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Author Topic: Liquid Natural Gas Ships in Britain  (Read 3982 times)

barryfoote

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Liquid Natural Gas Ships in Britain
« on: March 20, 2009, 08:30:34 am »

Just seen this on the BBC. Very interesting and I was wondering what everyone thought about it. Are these ships purpose built or converted for the purpose?

http://news.bbc.co.uk/2/hi/uk_news/wales/south_west/7952415.stm
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Colin Bishop

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Re: Liquid Natural Gas Ships in Britain
« Reply #1 on: March 20, 2009, 08:38:52 am »

Purpose built - and you don't want a power cut!
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BarryM

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Re: Liquid Natural Gas Ships in Britain
« Reply #2 on: March 20, 2009, 08:51:10 am »

Very specialist build with liquified gas carried in stainless steel tanks insulated from hull. Imagine what would happen if the cargo leaked and contacted the hull in any quantity. Instant steel embrittlement and cracking. However, both LPG and LNG have been transported since the 60's into the UK in which time a lot of experience has been gained of the associated problems and there has (as far as I am aware) been no incident of significance to the environment.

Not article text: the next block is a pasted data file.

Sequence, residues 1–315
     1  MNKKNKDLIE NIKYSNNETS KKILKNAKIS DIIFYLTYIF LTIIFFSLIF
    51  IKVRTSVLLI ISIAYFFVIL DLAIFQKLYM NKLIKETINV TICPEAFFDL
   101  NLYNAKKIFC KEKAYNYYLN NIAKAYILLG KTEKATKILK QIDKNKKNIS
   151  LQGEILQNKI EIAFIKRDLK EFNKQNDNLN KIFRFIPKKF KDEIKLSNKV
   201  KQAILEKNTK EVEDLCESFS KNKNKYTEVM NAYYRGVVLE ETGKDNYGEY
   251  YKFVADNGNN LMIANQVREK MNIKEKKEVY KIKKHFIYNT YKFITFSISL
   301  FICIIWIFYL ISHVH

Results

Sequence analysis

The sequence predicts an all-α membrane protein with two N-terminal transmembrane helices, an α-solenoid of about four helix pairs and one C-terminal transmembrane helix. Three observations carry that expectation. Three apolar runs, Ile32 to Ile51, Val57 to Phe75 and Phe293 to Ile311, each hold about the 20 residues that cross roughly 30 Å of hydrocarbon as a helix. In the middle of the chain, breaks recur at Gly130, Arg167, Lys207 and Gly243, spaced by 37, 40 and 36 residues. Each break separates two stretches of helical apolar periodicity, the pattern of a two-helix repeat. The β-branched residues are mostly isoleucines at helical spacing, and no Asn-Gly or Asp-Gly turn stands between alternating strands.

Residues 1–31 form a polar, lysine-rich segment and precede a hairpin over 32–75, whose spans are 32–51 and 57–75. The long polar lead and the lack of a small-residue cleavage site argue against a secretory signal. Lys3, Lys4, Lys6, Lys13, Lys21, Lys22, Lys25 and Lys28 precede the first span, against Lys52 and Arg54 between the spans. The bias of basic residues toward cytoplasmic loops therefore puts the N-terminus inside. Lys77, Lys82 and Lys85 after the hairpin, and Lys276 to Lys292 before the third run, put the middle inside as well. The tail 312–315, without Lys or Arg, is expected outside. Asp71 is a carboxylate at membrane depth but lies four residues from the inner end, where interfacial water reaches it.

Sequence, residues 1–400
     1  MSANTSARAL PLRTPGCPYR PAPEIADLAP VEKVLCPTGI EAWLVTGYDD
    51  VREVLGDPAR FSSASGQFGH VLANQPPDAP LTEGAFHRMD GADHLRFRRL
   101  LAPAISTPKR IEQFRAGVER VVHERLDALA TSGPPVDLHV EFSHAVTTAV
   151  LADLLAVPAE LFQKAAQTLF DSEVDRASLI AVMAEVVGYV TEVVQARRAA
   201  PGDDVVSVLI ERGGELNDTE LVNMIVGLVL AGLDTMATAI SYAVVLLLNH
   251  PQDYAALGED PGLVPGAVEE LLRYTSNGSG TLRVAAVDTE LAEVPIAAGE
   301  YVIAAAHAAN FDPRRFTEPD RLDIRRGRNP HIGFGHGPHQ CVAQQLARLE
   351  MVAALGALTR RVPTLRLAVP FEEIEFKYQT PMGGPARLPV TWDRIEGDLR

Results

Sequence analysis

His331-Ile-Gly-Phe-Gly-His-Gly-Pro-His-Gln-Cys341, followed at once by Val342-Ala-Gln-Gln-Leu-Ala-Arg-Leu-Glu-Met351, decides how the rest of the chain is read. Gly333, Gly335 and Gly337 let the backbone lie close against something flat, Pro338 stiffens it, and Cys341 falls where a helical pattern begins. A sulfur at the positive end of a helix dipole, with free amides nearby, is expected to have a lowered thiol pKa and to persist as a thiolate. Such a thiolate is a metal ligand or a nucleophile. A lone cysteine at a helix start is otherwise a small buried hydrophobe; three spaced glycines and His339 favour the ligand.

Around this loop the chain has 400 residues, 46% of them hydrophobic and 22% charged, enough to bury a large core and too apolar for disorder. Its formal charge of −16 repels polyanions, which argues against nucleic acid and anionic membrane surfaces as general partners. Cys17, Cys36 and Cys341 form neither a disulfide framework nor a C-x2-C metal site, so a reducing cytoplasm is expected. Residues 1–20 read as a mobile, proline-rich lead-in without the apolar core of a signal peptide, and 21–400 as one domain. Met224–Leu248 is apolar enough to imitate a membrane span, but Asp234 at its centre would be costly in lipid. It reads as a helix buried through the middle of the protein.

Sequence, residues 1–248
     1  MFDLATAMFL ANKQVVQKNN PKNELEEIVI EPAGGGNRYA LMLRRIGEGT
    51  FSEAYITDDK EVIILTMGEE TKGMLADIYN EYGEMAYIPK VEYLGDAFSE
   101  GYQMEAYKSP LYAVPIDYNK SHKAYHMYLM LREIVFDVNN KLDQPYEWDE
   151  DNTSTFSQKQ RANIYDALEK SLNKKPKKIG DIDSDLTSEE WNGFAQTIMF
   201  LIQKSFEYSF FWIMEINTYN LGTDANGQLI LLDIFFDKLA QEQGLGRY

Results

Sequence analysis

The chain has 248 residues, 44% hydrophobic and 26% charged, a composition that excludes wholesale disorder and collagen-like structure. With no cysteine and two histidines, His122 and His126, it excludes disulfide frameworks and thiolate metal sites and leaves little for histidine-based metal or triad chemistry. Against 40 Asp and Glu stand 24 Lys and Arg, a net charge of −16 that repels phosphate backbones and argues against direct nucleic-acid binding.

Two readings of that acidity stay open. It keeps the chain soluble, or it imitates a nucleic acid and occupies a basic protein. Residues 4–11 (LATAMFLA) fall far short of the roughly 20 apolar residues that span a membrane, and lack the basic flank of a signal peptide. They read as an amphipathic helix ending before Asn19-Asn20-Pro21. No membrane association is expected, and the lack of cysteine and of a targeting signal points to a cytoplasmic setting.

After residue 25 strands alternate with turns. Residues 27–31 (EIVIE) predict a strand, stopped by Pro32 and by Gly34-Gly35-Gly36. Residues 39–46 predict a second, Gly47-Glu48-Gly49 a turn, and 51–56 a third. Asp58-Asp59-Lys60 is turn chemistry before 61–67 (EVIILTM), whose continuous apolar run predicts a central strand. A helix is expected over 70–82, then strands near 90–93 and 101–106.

Barry M
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Malcolm Reade

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Re: Liquid Natural Gas Ships in Britain
« Reply #3 on: March 20, 2009, 10:34:09 am »

Many years ago in the 1970's I worked on a project for Shell Research on the design of a machine that sprayed the inside of tanker hulls with a PU foam laminate for LPG carrying.

We built a tank on the tank farm at Stanlow which had the same cross-section as a tanker hull, and then sprayed the inside using our new machine.  There were all sorts of temperature sensors and strain gauges buried in the PU foam.  My involvement ended at that point, but I understand that they went on to spend another couple of years pumping Propane/Butane in and out of the tank to see how it held up.